Atrial fibrillation (AF) is an abnormal fast irregular heartbeat. An abnormal heartbeat rhythm is called an arrhythmia. A normal heart rate is between 60 and 100 beats a minute (bpm) when you're resting. In AF, the heart rate can sometimes be very fast (often between 140 and 180 bpm) as well as being irregular.
Why is it important to know about atrial fibrillation?
Some people with atrial fibrillation (AF) don't have any symptoms and don't know they've got it. Even without symptoms, it's important to diagnose AF because the abnormal rhythm can cause blood clots to form in the heart. Most people with AF need to take a medicine to thin the blood to stop any blood clot from forming. If a clot does form then it may travel in the blood vessels to your brain and cause a stroke.
What causes it?
AF is caused by a problem with the heart's conduction system. There are many different causes of AF. For more general information about the heart's conduction system, see separate leaflet called Abnormal Heart Rhythms (Arrhythmias).
In AF, the normal controlling timer in the heart is overridden by many random electrical impulses that fire off from the heart muscle. This causes the heart to contract between 140 and 180 times a minute. The ventricles contract in an irregular way and also with varying force.
AF is often divided into three types:
- Paroxysmal (which comes and goes).
- Persistent (lasts longer than seven days).
- Permanent (which doesn't go away).
How common is it?
AF is common but mainly occurs in older people. Just under 2 in every 100 people in England have AF and the numbers are rising because of the increasing numbers of elderly people. AF is uncommon in younger people unless they have certain heart conditions.
What are the symptoms?
Many people with AF have no symptoms, particularly if their heart rate is not very fast. The AF may then be diagnosed by chance when a doctor or nurse feels your pulse. Your pulse rate may be fast, the rhythm is irregular and the force of each beat can vary.
Any symptoms usually start suddenly, soon after the AF develops. Possible symptoms include:
- A 'thumping' heart (palpitations). This means that you become aware of your heart. You may feel it beating in a fast and irregular way.
- Chest pains (angina) may develop. The pains tend to occur when you exert yourself but they may also occur even when you are resting.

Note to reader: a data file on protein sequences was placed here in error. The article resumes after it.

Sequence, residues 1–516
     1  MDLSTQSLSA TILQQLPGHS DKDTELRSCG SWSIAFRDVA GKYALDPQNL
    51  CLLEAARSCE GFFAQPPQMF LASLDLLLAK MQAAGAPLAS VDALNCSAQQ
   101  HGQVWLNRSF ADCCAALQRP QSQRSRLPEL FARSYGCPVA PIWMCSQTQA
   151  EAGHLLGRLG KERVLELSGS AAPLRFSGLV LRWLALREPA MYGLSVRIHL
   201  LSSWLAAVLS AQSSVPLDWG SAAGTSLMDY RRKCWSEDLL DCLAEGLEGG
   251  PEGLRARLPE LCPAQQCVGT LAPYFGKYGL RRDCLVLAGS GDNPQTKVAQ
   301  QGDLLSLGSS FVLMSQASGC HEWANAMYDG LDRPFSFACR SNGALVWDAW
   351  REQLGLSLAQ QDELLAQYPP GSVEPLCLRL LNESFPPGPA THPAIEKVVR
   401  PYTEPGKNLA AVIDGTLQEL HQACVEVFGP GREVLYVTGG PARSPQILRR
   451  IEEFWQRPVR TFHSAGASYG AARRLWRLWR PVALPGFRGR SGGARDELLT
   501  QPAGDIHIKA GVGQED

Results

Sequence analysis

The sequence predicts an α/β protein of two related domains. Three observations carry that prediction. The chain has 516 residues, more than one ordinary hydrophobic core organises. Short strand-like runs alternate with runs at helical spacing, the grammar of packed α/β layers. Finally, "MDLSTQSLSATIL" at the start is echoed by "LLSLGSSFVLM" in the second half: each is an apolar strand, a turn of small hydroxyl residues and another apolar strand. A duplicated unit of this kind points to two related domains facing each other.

- Breathlessness is often the first symptom that develops. It may occur all the time but you may become breathless just when you exert yourself, such as when you walk up stairs.
Do I need any tests?
- A heart tracing (electrocardiogram, or ECG) confirms the diagnosis as long as it's performed during an episode of AF. Sometimes a 24-hour ECG is needed if your AF comes and goes and the resting ECG has not shown it.
- You will usually have other tests such as blood tests and an ultrasound scan of the heart (echocardiogram, or 'echo'). These tests look for an underlying cause of AF, such as a heart problem or an overactive thyroid gland.
Did you find this information useful?
- Management of atrial fibrillation; NICE Clinical Guideline (June 2014)
- 2016 ESC Guidelines for the management of atrial fibrillation developed in collaboration with EACTS; European Society of Cardiology (2016)
- Atrial Fibrillation; NICE CKS, October 2015 (UK access only)
- WatchBP Home A for opportunistically detecting atrial fibrillation during diagnosis and monitoring of hypertension; NICE Medical Technologies Guidance, January 2013
- Thoracoscopic exclusion of the left atrial appendage in atrial fibrillation (with or without other cardiac surgery) for the prevention of thromboembolism, NICE Interventional Procedure Guideline (June 2011)
- Isaew A, Adderley NJ, Ryan R, et al; The treatment of paroxysmal atrial fibrillation in UK primary care. Heart. 2017 Jun 1. pii: heartjnl-2016-310927. doi: 10.1136/heartjnl-2016-310927.
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